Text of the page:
Senehi’s novel is full of local apple knowledge
by Rob Neufeld
Following Belle’s business passion—an orchard revival movement—alongside her romantic problems and suspenseful probings provides a long overdue treatment of Western North Carolina apple history in fiction.
To give Belle legitimacy, Senehi connects her, through her mother’s father, “Pap” McGrady, to the region’s Johnny Appleseed, William Mills, a Tory commander at the Battle of Kings Mountain.
There are a lot of legends associated with Mills in local history. The one of him being the father of the Henderson County apple industry is one of the false ones, according to Jennie Jones Giles on her “Henderson Heritage” website. Mills, a land speculator, had been one of many farmers in the Mills River area who’d grown apple trees. And then, the industry didn’t take off until the 1920s here.
But that matters little to Senehi’s novel, which places Belle (born, Annabelle) within a proven romance tradition.
She’s a member of a kind of aristocracy—one that literally gets its hands dirty—as well as a modern version of the headstrong Regency heroine.
One of my favorite business-plus-romance moments in the novel is when, in April, Belle checks on one of her orchards and drinks in the pollination scene. “The energy of the orgy going on all about her took hold of Belle,” Senehi writes, “and awakened the yearning she was feeling more and more these days, a yearning for Matt.”
You can see how the yearning gets into the language. Senehi doesn’t write, “awakened the yearning she was feeling for Matt.” She keens, “more and more these days”; and she repeats the word, “yearning” for effect.
On the other hand, Belle can think, and Senehi write, like this: “She sliced the apple in two at the equator, exposing a swirl of dark seeds, then pulled a spray bottle with an iodine mixture from the basket.”
Senehi’s research into her subject includes working six months in an experimental orchard. “Carolina Belle” (the name of the variety Belle is trying to engender) is Senehi’s eighth novel, and continues to show that research is one of Senehi’s hallmarks.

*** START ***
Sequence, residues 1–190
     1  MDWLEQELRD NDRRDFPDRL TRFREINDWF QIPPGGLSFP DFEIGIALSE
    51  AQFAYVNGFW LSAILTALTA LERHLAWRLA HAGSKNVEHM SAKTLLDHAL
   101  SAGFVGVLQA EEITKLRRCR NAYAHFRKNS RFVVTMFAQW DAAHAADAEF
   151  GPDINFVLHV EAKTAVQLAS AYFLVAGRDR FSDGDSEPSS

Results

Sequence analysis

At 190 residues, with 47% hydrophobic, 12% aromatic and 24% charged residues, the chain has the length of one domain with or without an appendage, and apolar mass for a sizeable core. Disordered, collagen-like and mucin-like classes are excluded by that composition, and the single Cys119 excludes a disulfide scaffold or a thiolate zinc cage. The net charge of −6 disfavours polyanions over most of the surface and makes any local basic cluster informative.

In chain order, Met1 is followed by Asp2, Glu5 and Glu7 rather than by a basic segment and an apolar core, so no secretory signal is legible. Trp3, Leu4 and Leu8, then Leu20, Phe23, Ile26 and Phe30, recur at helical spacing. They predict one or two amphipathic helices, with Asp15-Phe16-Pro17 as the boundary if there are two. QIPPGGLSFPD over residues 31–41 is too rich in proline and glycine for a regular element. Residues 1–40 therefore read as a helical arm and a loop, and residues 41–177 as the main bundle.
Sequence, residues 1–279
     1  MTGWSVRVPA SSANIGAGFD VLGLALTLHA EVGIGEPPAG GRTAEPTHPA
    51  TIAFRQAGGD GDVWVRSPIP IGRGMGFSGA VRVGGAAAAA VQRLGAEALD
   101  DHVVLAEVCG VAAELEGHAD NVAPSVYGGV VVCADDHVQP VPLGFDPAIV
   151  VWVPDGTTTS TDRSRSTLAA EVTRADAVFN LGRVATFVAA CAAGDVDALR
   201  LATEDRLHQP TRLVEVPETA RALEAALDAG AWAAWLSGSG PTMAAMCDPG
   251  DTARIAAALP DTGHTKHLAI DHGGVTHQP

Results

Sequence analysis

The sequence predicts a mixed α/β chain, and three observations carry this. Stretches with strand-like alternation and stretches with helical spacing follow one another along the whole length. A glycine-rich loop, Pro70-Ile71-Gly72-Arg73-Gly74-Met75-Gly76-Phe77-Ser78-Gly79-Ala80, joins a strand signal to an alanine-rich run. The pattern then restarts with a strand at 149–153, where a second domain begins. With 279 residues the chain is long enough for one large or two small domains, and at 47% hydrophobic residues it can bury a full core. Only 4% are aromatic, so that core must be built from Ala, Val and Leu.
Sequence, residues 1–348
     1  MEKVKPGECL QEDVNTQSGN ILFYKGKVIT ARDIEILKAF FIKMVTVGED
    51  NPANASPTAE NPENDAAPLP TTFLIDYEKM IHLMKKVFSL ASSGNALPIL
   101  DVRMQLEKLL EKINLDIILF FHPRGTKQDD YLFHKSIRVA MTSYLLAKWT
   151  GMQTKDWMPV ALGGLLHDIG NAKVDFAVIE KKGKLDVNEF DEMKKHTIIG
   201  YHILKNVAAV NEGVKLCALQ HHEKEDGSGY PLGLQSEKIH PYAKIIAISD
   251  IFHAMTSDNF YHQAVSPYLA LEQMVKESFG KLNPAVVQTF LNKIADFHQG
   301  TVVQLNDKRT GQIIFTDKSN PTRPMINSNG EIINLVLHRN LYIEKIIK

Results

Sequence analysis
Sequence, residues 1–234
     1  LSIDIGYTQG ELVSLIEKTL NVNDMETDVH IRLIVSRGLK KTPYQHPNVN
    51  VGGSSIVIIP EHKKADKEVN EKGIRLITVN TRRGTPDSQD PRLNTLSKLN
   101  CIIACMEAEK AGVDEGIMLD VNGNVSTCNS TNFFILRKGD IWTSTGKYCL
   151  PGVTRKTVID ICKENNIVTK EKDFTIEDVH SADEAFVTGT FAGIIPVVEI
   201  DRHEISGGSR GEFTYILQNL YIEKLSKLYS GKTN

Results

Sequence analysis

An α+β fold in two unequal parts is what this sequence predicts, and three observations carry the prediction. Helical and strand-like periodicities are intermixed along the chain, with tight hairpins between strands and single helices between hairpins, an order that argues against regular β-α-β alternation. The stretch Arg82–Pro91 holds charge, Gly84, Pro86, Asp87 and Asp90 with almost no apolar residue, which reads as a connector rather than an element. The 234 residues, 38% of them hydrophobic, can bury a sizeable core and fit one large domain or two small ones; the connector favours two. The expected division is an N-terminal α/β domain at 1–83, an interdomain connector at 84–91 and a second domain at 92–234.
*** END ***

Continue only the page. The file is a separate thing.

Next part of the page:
When it comes to plotting, Senehi is expert. She gets enough going to make sure the suspense is complex, and the dramatic resolutions multiple.
Matt—a guy with tight abs for whom Belle yearns—had broken disastrously with Belle in their college-age days, and their misdeeds put a double-edged wedge between them. But they are also business partners, for Matt works for Pap, who treats Matt like a son.
Into this charged scenario walks Ken Larsen, a gorgeous man with blue eyes and a stubble beard who’s buying up orchards to start a cidery.
Pap oversees the drama, as does his elderly neighbor, Jake, a gentle-hearted preserver of heirloom apples. Jake’s son had been involved in a car accident that had killed Pap’s daughter.
Yet despite Pap’s coldness toward him, Jake finds solace in Belle, whose mentor he becomes. Into Jake’s character, Senehi pours her spiritual ideal. Belle calls Jake an “everyman in (a) non-descript outfit.”
“Most of us are born, live and die as ordinary people, with little to distinguish us from the millions around us,” Jake says. “Only occasionally does a human rise above the crowd by mental genius or exceptional ability…This goes for apples, too.”
Jake’s character works. So does that of his brother, the practiced lawyer. Belle’s character often works, and she provides funny and touching moments. I have to say, though, Matt’s character is in ways ridiculous. He reminds me at times of Calvin reacting to Susie Derkins in “Calvin and Hobbes.”
People can want two different things in a novel: a vehicle for entertainment and information; or an experience that puts you in touch with existential depths.
What’s a good sign of existential depth? One of the key ones, I think, is a narrative that feels like dream reality, without nonsensical dream-world logic.
For instance, this is what a key moment feels like in “Carolina Belle”:
Belle, Pap, Matt, and Matt’s step-father, Raphael, are about to face their first hazard—a hailstorm just before picking time—and Belle goes into high gear, remarking on fate.
“Jagged marble-sized orbs bounced on the ground,” Senehi writes. “As the hail piled up, a sickening feeling overcame (Belle), like she was sinking in quicksand and about to smother. Then someone whispered in the marauder’s ear that the damage was finally done, and the pelting turned into a gentle rain and stopped.”
Senehi’s narration must race forward. The colorful prose is a concession to Belle’s thought process. If the novel were to be more dreamlike—that is, more mental—the narration would occur in the time of the remembering, and there would be a lot more going on in the expanded impression of the intense experience.
“Please God,” Belle prays, “don’t let anything happen to this crop. Pap’s got too much riding on it.”
Do you want to know the things that Pap associates with loss and spoilage? Senehi will connect you with one big tragedy. But Pap doesn’t unconsciously try to connect resonant experiences in his life in order to see a pattern; he’s not haunted; and nothing seriously odd and inexplicable happens.
Instead, Pap is a type, a stoic, hard-working, master orchardist who shows that he can loosen his guard a little in the end. These kinds of developments are always fulfilling when done well, as Senehi demonstrates.
Rob Neufeld writes the weekly book feature for the Sunday Citizen-Times. He is the author and editor of six books, and the publisher of the website, “The Read on WNC.” He can be reached at RNeufeld@charter.net and 505-1973. Follow him @WNC_chronicler.